Denver residents Kate Burns and her partner Sheila Schroeder will be speaking Sunday at MCC of the Rockies about last year’s sit-in at the county clerk’s office. Since the focus of the gathering is on Soulforce activism also speaking will be ex-gay survivor activists Daniel Gonzales and Christine Bakke.
MCC Of The Rockies
(10th & Clarkson in Denver)
Sunday, June 1st from 1-3pm
This forum is after the normal Sunday service so there won’t be any religion for those of you averse to such things.
Nicolosi: Gays Would Be “Jerking Off In Hamburgers All Over”
Another former patient of Dr. Joseph Nicolosi comes forward
May 3rd, 2008
Earlier this week, Daniel Gonzales provided his reaction to the recent Byrd, Nicolosi & Potts paper that appeared in Psychological Reports. Daniel’s comments were based on his own experience as a former patient of Dr. Nicolosi’s:
In my first session of therapy with Dr. Nicolosi he repeatedly pressed myself and my father, who was there with me, asking us if I had been molested as a child — which I hadn’t. In fact, much of that first session was focused on “digging around” for the supposed cause of my homosexuality.
Gabriel Arana, a Cornell University grad student and columnist for the Cornell Daily Sun, has come forward to write about his remarkably similar experience with Dr. Nicolosi in a recent column:
For three years I had weekly sessions with Dr. Joseph Nicolosi, president of the National Association for the Research and Therapy of Homosexuality (NARTH). Dr. Nicolosi thought that homosexuality was a pathology, a sublimated desire to reconnect with one’s lost masculinity. The theory: under-attentive fathers and over-attentive mothers create gay children. The purpose of therapy was to put me in touch with my masculine identity and thereby change my sexual orientation.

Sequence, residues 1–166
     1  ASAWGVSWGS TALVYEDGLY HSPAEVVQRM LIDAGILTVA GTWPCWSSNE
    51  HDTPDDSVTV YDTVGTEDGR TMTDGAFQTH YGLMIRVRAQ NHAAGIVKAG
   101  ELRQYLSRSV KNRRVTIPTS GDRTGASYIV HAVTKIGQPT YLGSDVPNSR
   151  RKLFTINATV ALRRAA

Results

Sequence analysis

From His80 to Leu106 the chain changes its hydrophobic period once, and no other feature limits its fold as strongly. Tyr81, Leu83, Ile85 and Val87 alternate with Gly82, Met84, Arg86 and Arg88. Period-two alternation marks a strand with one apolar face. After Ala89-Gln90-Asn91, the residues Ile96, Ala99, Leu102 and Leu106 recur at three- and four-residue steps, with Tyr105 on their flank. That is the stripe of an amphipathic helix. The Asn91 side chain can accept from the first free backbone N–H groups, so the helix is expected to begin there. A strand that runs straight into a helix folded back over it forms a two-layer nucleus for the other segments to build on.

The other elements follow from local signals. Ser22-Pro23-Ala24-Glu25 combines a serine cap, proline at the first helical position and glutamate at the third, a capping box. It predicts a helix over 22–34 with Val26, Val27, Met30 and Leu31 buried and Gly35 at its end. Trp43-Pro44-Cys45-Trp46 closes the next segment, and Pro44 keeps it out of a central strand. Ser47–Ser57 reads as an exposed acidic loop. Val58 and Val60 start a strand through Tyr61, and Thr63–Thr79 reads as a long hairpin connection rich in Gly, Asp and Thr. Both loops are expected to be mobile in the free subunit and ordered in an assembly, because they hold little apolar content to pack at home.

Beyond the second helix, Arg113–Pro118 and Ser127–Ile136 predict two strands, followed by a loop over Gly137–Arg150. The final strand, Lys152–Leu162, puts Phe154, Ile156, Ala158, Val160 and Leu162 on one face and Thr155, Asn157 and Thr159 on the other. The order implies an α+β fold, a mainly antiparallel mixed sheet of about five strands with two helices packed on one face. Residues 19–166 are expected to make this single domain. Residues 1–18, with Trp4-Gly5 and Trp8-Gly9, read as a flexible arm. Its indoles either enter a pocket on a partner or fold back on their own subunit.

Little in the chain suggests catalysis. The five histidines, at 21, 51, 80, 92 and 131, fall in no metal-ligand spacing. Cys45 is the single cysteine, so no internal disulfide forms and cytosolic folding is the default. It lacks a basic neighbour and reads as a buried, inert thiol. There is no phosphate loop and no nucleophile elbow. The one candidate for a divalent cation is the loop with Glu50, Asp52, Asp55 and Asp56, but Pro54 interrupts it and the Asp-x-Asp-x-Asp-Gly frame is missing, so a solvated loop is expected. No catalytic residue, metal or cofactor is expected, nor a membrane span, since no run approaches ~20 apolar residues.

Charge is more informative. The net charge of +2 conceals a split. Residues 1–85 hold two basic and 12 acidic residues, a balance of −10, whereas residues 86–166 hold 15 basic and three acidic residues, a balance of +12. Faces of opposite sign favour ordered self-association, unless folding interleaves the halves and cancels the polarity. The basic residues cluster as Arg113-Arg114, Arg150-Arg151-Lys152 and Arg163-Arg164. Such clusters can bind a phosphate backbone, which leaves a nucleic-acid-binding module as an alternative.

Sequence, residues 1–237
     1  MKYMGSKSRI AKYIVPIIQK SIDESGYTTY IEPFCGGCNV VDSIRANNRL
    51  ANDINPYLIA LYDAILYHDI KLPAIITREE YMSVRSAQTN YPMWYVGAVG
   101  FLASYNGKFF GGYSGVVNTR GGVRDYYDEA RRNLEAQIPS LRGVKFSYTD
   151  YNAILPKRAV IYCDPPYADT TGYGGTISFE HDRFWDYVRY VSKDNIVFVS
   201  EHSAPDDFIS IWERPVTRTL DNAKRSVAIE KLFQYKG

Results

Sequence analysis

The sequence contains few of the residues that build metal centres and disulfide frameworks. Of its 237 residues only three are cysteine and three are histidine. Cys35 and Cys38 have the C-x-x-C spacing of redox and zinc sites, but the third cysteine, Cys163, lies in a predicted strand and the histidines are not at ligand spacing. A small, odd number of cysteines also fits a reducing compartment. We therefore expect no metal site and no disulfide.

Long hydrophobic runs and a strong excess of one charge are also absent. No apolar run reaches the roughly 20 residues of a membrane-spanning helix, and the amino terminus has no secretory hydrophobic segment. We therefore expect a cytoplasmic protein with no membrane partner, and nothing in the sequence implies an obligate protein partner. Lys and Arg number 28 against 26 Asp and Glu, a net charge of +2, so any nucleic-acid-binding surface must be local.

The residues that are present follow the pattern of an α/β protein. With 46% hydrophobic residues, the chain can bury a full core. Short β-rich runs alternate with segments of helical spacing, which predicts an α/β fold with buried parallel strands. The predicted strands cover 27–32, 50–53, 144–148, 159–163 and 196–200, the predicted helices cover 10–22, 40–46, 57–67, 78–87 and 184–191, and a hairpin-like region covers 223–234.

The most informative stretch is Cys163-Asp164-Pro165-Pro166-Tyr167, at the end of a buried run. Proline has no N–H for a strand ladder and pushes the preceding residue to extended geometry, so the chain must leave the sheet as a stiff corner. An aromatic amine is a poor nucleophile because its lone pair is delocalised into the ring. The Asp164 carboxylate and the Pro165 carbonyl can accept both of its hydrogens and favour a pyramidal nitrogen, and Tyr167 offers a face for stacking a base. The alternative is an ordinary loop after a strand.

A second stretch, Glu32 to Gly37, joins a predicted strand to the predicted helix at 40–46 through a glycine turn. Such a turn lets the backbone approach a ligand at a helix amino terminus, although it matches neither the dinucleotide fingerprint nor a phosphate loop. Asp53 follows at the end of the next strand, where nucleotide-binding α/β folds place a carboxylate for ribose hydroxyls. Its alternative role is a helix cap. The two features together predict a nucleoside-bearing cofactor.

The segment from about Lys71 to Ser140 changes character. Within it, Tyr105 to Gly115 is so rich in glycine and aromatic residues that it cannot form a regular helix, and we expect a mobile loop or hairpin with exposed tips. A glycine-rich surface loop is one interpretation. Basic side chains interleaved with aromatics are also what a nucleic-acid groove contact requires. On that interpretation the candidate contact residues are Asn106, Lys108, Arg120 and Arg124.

Years after I stopped therapy, I requested the case notes, knowing they would be destroyed after seven years. They provided an annotated collection of long-forgotten events. Next to the description of an argument with a male friend, Dr. Nicolosi scribbled “needs to look at the real source.” This was code: whatever the problem, it would be traced back to my lost masculine sense of self; I was angry because my friend had not paid attention to me as my father had not. Much of therapy also involved uncovering the numerous ways in which my parents had cheated me (as a teenager, I was more than happy to blame things on them).
According to Arana, Dr. Nicolosi didn’t try to conceal his utter disgust with gay people:
Disgust with what was termed the “gay lifestyle” was implicit in therapy. I remember Dr. Nicolosi telling me, in response to the question of whether one could easily contract HIV from semen, that if this were the case then gays would be “jerking off in hamburgers all over” to infect people.
That is was passes for ethical professionalism at NARTH. As does this:
…I know Dr. Robert Spitzer’s study well. Dr. Nicolosi asked me to participate in it, but instructed me not to reveal that he had referred me; while he wanted his organization’s views represented, he did not want to bring into question the study’s integrity.
The Spitzer study is the famous ex-gay study that purported to show that people can change their sexual orientation. However, the study was stacked with people who had a vested interest in demonstrating change. According to Dr. Spitzer, “the majority of participants (78 percent) had publicly spoken in favor of efforts to change homosexual orientation, often at their church,” and “nineteen percent of the participants were mental health professionals or directors of ex-gay ministries.” Among that 19% was Alan Chambers and Randy Thomas, Exodus International’s president and vice-president.
By the way, this is not the first time we’ve seen allegations that Nicolosi advised his clients to lie to Spitzer. Daniel Gonzales described a very similar conversation with Nicolosi nearly three years ago:
Nicolosi told me it would be great if I could represent the positive/success side of ex-gays in this study. Joseph Nicolosi asked me to lie to Spitzer when I called in for my study interview by denying Nicolosi had referred me. Turned off by this attempted manipulation, I never went through with taking part in the Spitzer study.
Hat tip: Ex-Gay Watch
My Submission For The Memphis Ex-Gay Survivor Art Show
February 17th, 2008
Acrylic paint and Sharpie on wooden block and parchment craft paper
Nikon D70 @ 50mm, multiple exposures at 1/20 f8, ISO 400
Natural illumination supplemented with halogen work lamps
Just a reminder “Deconstructing The Ex-Gay Myth, A Weekend Of Action And Art” is next weekend in Memphis. For a full schedule of events click here.